Gangs’ presence is noticed everywhere in the state and many school districts are observed doing very little to reduce their influence and spread on and around public school property (Harness 6). They may also complain that they are not conversant with the gang related attire. Some gangs imitate logos of some sports teams, rap artists and musical groups. In Utah, gang members are predominantly Caucasians.
Several indicators show one has been involved in a gang. The following changes in child’s behavior are early warning signs; missing or dropping out of school, poor grades, changing of friends, changing of dressing mode, staying out at late night, having huge amounts of money, developing attitude and behavior problems etc.
Youths in Utah join gangs for different reason some of which I will discuss below. One reason is family tradition where one of the relatives belonged to a certain gang. The involvement of the youth will be just within the same gang as the other family member. Also lack of supervision and also involving themselves in abusive relationships, the youngster may be found in a gang affiliation. Excitement can also be a contributing factor since kids are adventurous, they may want to test thing and find the limit they can go up to (Cole 36 ).
Kids may feel unsafe due to various reasons such as the environment they are exposed to, thus they feel that they need protection. Due to this, they are made to believe that when they involve themselves with gangs, they will get the protection and avoid becoming targets of protection (Cole 37). Peer pressure may also lead to kids joining gangs where they seek for love, attention, support, protection or acceptance by the group being made to believe that what is missing in their lives will be provided in a gang. Also, young stars may join a gang for financial gain due to the apparent ease of making huge amounts of money within a short time while applying very little effort.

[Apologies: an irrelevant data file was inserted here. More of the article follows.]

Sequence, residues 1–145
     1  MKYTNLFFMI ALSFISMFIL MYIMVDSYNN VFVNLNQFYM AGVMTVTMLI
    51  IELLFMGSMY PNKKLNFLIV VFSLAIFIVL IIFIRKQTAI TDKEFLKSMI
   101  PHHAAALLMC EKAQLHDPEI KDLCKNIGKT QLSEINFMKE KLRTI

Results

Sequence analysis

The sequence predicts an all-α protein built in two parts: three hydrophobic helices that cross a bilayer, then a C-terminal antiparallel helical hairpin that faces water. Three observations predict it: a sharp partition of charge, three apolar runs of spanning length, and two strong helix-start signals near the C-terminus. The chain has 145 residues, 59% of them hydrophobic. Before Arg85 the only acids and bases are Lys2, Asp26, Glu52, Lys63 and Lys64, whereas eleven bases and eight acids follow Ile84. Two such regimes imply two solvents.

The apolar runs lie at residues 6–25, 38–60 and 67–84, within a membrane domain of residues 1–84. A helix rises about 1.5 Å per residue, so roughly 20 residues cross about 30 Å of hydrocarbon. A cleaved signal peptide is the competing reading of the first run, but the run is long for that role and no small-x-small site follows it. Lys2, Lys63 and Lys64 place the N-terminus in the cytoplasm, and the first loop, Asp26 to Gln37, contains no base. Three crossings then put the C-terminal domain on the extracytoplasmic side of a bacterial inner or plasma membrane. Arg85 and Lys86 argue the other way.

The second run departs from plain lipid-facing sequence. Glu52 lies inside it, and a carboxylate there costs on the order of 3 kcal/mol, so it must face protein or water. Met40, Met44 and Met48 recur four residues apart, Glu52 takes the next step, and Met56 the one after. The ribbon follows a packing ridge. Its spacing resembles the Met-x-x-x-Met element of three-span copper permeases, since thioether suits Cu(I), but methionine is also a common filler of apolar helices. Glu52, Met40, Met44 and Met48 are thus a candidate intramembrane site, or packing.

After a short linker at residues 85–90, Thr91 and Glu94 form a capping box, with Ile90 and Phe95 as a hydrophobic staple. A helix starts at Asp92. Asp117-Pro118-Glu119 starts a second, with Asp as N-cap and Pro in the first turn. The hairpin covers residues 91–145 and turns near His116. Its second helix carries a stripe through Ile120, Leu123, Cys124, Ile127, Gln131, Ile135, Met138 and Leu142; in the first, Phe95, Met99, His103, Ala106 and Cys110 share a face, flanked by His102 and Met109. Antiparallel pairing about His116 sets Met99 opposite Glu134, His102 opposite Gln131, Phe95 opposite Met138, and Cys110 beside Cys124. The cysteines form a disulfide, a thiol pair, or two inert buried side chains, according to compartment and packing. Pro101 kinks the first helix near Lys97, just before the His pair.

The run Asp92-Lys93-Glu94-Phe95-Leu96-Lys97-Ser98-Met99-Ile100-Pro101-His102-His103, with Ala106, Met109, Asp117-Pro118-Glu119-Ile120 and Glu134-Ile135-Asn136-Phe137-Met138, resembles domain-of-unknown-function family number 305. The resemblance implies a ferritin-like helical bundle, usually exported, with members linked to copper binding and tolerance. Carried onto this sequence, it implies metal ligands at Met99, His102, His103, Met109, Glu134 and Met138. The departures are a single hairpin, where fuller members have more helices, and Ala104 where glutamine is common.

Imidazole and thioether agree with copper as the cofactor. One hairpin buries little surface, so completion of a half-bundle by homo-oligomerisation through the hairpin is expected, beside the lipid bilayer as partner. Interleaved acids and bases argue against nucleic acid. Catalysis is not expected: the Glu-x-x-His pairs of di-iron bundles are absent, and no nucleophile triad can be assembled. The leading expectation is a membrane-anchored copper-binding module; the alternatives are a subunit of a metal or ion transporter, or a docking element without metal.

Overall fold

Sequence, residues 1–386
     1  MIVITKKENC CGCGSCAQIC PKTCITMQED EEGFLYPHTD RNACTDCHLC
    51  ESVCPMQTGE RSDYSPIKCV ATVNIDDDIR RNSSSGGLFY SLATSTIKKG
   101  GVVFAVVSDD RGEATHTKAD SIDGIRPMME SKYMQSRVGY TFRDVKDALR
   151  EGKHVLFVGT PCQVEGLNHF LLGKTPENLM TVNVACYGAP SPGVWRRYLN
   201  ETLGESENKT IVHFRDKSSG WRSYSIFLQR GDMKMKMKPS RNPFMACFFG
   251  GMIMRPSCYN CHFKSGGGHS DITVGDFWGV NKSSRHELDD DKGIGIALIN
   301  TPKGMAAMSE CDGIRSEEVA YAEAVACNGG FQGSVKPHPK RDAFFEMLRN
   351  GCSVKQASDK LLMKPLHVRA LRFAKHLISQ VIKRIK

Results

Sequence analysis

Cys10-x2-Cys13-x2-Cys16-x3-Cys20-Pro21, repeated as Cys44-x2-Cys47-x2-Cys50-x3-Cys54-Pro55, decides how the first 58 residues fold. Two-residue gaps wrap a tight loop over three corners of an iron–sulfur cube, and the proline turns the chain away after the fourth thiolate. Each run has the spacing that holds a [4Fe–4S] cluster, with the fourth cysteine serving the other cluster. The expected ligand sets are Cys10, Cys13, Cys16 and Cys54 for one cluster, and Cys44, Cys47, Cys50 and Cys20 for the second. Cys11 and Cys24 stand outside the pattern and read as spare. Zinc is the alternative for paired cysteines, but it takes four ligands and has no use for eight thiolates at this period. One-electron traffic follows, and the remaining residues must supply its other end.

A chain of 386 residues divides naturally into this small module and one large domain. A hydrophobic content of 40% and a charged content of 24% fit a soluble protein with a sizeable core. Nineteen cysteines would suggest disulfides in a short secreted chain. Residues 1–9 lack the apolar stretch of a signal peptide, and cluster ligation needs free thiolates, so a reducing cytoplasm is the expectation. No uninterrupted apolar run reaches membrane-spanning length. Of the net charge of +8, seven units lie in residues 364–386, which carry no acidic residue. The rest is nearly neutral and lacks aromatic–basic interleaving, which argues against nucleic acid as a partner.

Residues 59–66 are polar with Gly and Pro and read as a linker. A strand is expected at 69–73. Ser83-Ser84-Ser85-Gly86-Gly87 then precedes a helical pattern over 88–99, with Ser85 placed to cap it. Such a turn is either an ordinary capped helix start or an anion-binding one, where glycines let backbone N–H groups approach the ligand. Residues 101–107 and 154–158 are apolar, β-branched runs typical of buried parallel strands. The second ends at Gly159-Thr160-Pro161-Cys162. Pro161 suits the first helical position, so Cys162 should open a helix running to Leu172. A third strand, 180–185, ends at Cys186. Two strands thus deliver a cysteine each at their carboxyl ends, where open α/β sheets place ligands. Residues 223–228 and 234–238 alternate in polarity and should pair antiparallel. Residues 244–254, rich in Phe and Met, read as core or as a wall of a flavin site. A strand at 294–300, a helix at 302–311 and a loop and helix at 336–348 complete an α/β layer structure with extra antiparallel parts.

They fail in grasping the long-term effects of engaging in illegal behavior and tend to look at the short-term advantages. Finally, since kids like being noticed and appreciated for whom they are by parents, or teachers, failing to do that, may turn them to gangs. This is due to the appearance that gang members are powerful than other people and they are respected for their gang affiliation (Cole 38).
Psychological and structural explanations for crime are incorporated in the strain theory. The Strain theory involves the idea that gives results when people are unable to achieve their goals through genuine channels. In such cases, people may go for unlawful channels to achieve their goals or strike out at the origin of their disappointment in anger. When individuals fail to achieve their set goals they become frustrated and may end in yielding into unlawful acts (Agnew para.1).